One of the most fascinatingly outlandish moments in the Elvis Presley legend is the rock-and-roll legend's Dec., 21 1970 private meeting in the Oval Office with then-President Richard M. Nixon. The event resulted in a grip-and-grin photo of the cape-clad Elvis and an uneasy-looking Nixon that since has adorned countless postcards and t-shirts.
But the Elvis-Nixon meeting was memorable for another reason: It was one of only four appearances that Elvis ever made in the Washington, DC area. He gave just three concerts here — the first in 1956, when he was on the cusp of superstardom, and the other two in 1974 and 1977.
Elvis' first visit to Washington was on March 23, 1956 — the same day, by coincidence, that his first full-length album, Elvis Presley, was released. Col. Tom Parker, who was in the process of taking over as the 21-year-old singer's manager, had close ties to Washington-based country disc jockey, manager and promoter Connie B. Gay, who had developed such a huge following in the area that he actually had three country music shows on local television. Gay booked Elvis as the headliner on one of the floating concerts on the S.S. Mount Vernon, a small ship that sailed the Potomac.
To promote the gig Gay also arranged for Elvis to appear as a guest on his flagship show, WMAL's Town and Country Time, which was hosted by Gay's protege, singer and future sausage magnate Jimmy Dean. That evening, Elvis arrived at WMAL's then-studio, a former skating rink on Connecticut Avenue NW, for the program's 6:30 p.m. live telecast. Two nights before, in Lexington, Ky., he'd caused such a sensation that he needed a police escort from his dressing room to fend off the crush of young female admirers. In constrast to the flamboyant jumpsuits and capes of his latter period, young Elvis wore somber dark slacks, a sport coat, and a dress shirt sans necktie. The one bit of flash was a pair of argyle socks. He sat on a bench with Dean, who was clad in cowboy regalia. As Dean later recounted in his autobiography Thirty Years of Sausage, Fifty Years of Ham, Elvis gave oddly monosyllabic replies to Dean's questions." So, you're gonna be on the S.S. Mount Vernon tonight, are you Elvis?" Dean asked.
"Yep," Elvis responded.
"Have you ever worked on a boat before?"
The personable Dean was a bit taken aback. Years later, Elvis actually made a point of apologizing to him about the laconic non-interview, explaining that he was new to appearing in front of a TV camera, and had simply gotten stage fright. He did almost smile for this photo with Dean.
The actual concert on the S.S. Mount Vernon was nearly as much of a disaster. As Washington Post columnist Bill Gold reported afterward, the S.S. Vernon had developed trouble with its steam valve that afternoon, and when show time rolled around, the ship was unable to leave its berth at Pier 4 at 6th and Water streets SW. As Gold recounted, Gay had sold hundreds of tickets in advance, mostly to teenagers eager to see the new rock-and-roll sensation, despite the bitter early-Spring evening air. As the passengers milled about unhappily, Gay stood on the gangplank and announced that even if the cruise didn't cast off, the musicians would put on two shows to make up for it. About a hundred of the ticket-holders weren't satisfied with that deal, and Gay obliged by refunding their $2 tickets.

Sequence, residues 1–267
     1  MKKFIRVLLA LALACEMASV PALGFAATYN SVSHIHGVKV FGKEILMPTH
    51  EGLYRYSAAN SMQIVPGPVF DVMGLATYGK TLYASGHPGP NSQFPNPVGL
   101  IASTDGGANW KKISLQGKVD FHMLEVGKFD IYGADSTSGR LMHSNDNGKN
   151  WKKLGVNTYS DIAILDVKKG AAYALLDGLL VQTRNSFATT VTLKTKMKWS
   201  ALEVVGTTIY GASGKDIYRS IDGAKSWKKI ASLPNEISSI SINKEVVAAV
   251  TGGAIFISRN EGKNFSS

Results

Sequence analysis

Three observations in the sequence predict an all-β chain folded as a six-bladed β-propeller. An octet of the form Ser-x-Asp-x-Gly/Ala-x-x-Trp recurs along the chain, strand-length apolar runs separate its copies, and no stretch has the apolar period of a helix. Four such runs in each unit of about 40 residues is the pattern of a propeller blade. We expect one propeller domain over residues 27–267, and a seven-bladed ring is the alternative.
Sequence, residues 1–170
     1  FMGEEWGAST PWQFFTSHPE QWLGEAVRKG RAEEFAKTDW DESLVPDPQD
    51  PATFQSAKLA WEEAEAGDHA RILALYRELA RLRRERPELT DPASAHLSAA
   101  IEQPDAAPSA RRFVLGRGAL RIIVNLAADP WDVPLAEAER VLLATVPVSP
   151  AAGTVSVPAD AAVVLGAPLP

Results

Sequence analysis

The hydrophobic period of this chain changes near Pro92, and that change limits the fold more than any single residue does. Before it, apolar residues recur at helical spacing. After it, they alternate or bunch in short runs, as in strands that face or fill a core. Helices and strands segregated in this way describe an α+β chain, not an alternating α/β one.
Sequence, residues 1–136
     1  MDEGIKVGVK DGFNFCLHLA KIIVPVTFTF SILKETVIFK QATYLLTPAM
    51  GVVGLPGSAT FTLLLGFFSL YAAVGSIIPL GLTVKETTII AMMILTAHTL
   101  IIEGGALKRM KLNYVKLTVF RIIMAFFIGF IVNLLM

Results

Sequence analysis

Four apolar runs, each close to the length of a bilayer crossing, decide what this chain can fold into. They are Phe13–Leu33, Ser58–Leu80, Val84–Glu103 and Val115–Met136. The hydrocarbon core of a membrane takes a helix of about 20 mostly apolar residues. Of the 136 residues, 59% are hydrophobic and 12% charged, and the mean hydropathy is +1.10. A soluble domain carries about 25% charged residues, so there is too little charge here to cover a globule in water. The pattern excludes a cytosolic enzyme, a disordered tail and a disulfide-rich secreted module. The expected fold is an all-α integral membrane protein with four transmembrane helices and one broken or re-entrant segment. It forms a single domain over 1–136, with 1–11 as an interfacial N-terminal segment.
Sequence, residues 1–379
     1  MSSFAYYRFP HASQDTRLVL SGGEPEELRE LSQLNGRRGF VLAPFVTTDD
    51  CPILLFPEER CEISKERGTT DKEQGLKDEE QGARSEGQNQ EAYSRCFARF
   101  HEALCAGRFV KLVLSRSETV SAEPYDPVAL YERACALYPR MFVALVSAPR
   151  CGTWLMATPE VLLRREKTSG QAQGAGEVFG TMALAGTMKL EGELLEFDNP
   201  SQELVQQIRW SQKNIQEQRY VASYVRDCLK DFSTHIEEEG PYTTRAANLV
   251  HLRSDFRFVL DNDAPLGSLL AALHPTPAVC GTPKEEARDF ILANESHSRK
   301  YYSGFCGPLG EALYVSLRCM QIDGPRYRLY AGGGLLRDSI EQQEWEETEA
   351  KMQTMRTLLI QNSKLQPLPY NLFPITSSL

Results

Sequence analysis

The rest boarded, and the show began. Because of the cold, most of the crowd took refuge in the Vernon's glass-enclosed main deck, which became so jammed up that dancing was all but impossible. Even so, Elvis and the opening act, Easton, Md.'s Melvin Price and the Santa Fe Rangers, put on a three-hour show. As Price told Washington CityPaper in 2007, Elvis, who was accompanied the Blue Moon Boys-drummer D.J. Fontana, lead guitarist Scotty Moore and stand-up bassist Bill Black--played his own guitar so energetically that he broke three strings. "He just pulled the guitar off his shoulder, and it slid across the stage," Price recalled. "He just said, 'I'll be back.'" The audience loved Elvis' attitude, he remembered.
It would take Elvis 18 years to return to the Washington area to perform a Sept. 28, 1974 concert at the University of Maryland's Cole Field House. Here's a complete recording of the show, during which Elvis complains about a newspaper journalist who'd written that he had a paunch. The extra girth, Elvis explained, was because "I wore a bullet-proof vest on stage ... you know, in case some fool tries to take a .22 and blow ... my belly button off."
Elvis's final appearance in the Washington area was at the Capital Centre in Landover on May 22, 1977. As Post writer William Guildea reported, Elvis looked "something less than his svelte, youthful self" as he squeezed into a sequined white jumpsuit emblazoned with gold suns across his chest and back, and his voice was similarly past its prime, so much that it was tough to make out the words as he sang. The audience, however, didn't seem to care. Female fans rushed the stage to throw teddy bears onstage and catch the scarves that Elvis pulled off his neck and tossed into the crowd." The place is still a sea of flashbulbs as the end approaches, signaled by some accentuated bumps and grinds that first became famous more than two decades ago," Gildea wrote of The King's hour-long set. "Though no one was seen swooning, nobody objected to that gyrating either." Judging from this 25-minute snippet of video from the concert, Gildea's description took a bit of poetic license; Elvis moves slowly and stiffly around the stage during hits such as "Don't Be Cruel" and his cover of "My Way," and finished with a version of "Hound Dog" in which his voice seemed barely above a whisper.
Not quite three months later, Elvis would die in Memphis at age 42.